Casual Vacancy, The
But guess what, the British location, the plot that doesn't move (who gets the dead guys seat on the government council and what secrets will be unveiled)and way too many characters to keep clear in my head are all conspire against me. It's a busy fall season with lots of books coming out that I want to read, that I just can't make myself read the new one by Ms Rowling.
Perhaps one day, when I am in the mood for a long, thick meandering walk through a British village I will pick this up. Just not today.
I'm still not sure it was for me but I wonder how many reviewers read this book simply because of the name and the Harry Potter books, when this actually does stand on its own. Rowling takes us through a large cast of characters in a small English village (I think?). What this quaint place hides underneath the surface is very different from what it would like to be.
I was puzzled by some of the reviews that talk about a murder mystery: someone's death sets off the motions of the book, but it's not a murder. Instead, we see the lives of these characters: the angry, angsty teenagers and their romantic entanglements, the woman who moved here for a man who doesn't really want her, a household where the father is emotionally and physically abusive, the widow of the character who dies, families whose children are angry with their parents and parents who don't understand their children, etc.
Be warned, it's not a cheerful book. There's pedophilia, rape, adultery, physical/emotiona/sexual abuse, racism, prejudice, class division, drug use, political shenanigans, deaths (more than one, both natural and unnatural) etc. The political issues are just a small part of it (it revolves around the town's council), but it reminds me of what colleagues have told me--that the crazies can be found at the local level. While I am not familiar with UK politics at such a level, it would seem that is something that holds up for sure.
That said, it was still an interesting read. Like others I found the start rather plodding and too much set up for the characters. Once the story gets going though, it picks up fairly well. Sometimes I got confused as to who I was reading about, but Rowling does mostly a good job in fleshing out the characters enough so I knew who had what drama and why. The end plods a bit until the last 50ish or so pages, although a lot of the storylines don't really resolve themselves and there are regrets and wounds that may never fully heal. Some characters come out of it better. Others don't, but I believe that's Rowling's point.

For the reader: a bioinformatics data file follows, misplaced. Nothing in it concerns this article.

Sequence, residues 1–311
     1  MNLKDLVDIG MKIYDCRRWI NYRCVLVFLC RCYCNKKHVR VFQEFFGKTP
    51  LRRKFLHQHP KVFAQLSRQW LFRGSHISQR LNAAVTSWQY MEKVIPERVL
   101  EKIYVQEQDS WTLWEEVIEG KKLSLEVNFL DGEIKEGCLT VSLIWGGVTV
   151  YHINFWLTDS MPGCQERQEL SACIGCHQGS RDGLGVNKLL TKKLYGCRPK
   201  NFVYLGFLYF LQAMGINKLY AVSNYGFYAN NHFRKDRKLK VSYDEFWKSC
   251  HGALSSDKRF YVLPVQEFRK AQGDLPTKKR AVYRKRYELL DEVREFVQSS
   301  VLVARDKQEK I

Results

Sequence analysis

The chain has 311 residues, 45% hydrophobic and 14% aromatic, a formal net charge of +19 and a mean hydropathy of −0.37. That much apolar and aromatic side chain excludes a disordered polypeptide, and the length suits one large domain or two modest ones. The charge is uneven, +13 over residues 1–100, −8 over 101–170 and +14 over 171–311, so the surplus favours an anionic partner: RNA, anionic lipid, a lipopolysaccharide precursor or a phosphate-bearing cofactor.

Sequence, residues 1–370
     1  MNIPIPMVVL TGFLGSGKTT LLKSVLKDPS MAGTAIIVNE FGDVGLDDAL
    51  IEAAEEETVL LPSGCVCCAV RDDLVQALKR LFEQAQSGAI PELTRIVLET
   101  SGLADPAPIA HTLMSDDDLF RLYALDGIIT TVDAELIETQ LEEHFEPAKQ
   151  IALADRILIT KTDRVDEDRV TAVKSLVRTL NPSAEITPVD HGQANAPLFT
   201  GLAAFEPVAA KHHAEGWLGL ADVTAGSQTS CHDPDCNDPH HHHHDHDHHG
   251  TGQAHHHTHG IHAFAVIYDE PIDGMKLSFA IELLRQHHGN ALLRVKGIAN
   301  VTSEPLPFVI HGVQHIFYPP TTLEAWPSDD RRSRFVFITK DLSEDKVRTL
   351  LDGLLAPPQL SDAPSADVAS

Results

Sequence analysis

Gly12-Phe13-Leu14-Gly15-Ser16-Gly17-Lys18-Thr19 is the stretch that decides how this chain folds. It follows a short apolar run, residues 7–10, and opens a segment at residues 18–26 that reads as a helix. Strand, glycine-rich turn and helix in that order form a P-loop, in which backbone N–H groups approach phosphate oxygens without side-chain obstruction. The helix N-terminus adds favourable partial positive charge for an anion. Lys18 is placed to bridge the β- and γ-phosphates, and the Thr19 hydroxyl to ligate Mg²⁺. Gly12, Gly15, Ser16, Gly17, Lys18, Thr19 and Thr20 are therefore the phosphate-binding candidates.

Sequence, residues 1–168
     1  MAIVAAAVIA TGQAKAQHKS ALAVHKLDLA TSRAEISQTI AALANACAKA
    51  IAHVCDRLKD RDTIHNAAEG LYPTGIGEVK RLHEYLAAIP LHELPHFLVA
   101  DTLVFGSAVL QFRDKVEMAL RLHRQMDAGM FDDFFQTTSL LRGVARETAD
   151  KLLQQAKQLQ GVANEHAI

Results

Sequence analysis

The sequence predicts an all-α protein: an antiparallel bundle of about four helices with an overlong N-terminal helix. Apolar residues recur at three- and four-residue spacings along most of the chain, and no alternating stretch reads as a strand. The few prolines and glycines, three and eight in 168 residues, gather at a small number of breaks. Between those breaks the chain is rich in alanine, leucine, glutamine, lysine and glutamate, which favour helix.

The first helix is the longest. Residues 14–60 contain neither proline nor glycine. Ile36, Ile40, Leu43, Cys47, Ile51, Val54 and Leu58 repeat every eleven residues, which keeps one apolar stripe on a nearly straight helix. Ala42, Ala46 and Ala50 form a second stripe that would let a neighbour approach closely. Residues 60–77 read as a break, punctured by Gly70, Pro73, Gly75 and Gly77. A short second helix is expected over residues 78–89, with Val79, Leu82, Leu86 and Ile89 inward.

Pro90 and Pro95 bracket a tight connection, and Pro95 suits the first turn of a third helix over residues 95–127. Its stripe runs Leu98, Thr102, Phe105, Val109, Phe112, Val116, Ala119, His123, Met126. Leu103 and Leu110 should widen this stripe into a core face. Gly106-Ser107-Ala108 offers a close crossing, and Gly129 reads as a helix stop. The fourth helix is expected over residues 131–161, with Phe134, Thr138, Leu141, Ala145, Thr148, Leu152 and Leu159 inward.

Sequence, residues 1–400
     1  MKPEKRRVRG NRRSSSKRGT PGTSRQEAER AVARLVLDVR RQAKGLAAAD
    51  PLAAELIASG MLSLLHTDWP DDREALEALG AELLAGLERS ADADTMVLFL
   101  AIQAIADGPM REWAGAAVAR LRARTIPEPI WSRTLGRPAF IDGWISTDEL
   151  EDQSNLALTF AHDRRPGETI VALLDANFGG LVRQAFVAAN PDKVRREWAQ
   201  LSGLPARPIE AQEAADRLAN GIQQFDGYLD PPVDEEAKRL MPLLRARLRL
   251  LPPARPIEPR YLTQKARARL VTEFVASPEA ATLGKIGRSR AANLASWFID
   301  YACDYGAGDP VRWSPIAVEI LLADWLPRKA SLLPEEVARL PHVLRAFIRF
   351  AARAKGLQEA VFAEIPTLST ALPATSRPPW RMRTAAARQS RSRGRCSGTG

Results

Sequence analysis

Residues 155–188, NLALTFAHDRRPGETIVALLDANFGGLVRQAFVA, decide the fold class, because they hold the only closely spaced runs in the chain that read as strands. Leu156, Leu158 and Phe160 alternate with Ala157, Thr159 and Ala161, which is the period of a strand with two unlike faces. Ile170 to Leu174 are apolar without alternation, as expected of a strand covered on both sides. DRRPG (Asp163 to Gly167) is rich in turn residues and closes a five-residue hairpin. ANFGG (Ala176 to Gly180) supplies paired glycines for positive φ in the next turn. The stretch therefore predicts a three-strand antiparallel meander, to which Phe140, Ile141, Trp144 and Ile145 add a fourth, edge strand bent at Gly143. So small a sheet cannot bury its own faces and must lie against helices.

Sometimes I found it hard to discern between storylines and felt she added another layer towards the end that left me a little confused. I was also surprised to see that other than dying, Barry himself does not serve too much purpose for the book and his family does not feature much. Which is fine (adding them to the mix might have weighed down the book too much), but it was a little surprising.
If you don't go into it thinking it's a grittier and darker version of Harry Potter but rather as a stand alone novel separate from her other work (it's separate from HP for sure, but don't know about the others), give it a shot. It was a great read for my cross-country flight.
The ghost of Barry Fairbrother haunts every turn of 'The Casual Vacancy', from posthumously released articles in the local rag, to comments on the council's website message board. Friends, acquaintances, rivals, and impressionable (and somewhat mislead) teens all feel the brunt of Barry in death.
'The Casual Vacancy' is really a tale of two towns, one with a crisp, posh facade in Pagford, the other in a constant state of decay in the Fields. Yet, the inhabitants of these respective places almost turn about face on public perception with Barry himself coming from 'the wrong side of the tracks' while many of the teens (Fats and Andrew come to mind) would suit the Fields as apposed to being Pagford natives. This was an interesting dynamic, while the characters lead the story, the sidebar of a struggling council wanting to annex itself from the welfare state in the fields and the associated ramifications were enjoyable and entirely believable.
There are many loveable (or hateable) characters within the pages of this book. For me, Krystal Weedon, the 16yr old girl off the rails was the highlight. Coming a close second is Samantha Mollison, wife to Miles, the air apparent to Barry's throne, a 40 something who has kept her looks and body in check. She is funny, down to earth, and wholly entertaining. I love her evolution from mother to almost rebel like status. I wont delve any deeper into the characters or further into Samantha as to not give away the story. Most people will want to punch Fats. I suspect Rowling achieved what she had set out to do with his character.
This was a change of pace from my usual read, I had little expectation and was blown away by how easy 'The Casual Vacancy' was to read and how shocking some of the revelations were. I think there is a little something here most people can relate to. Given there is such a large cast of central characters, any reader would be hard pressed not to identify with certain traits and mannerisms. I Highly recommend this for those readers who can forget that this author wrote Harry Potter and can judge 'The Casual Vacancy' on its own merits. For me, 'The Casual Vacancy' gets 5 stars.